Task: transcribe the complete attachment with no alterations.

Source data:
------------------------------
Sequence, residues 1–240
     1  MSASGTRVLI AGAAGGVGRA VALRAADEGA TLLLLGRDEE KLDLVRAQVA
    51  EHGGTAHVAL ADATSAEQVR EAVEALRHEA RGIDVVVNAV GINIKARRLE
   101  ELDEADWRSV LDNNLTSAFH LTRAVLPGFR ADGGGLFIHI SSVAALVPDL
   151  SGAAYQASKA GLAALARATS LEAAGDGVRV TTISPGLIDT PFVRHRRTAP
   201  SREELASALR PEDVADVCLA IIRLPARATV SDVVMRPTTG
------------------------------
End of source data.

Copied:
Sequence, residues 1–240
     1  MSASGTRVLI AGAAGGVGRA VALRAADEGA TLLLLGRDEE KLDLVRAQVA
    51  EHGGTAHVAL ADATSAEQVR EAVEALRHEA RGIDVVVNAV GINIKARRLE
   101  ELDEADWRSV LDNNLTSAFH LTRAVLPGFR ADGGGLFIHI SSVAALVPDL
   151  SGAAYQASKA GLAALARATS LEAAGDGVRV TTISPGLIDT PFVRHRRTAP
   201  SREELASALR PEDVADVCLA IIRLPARATV SDVVMRPTTG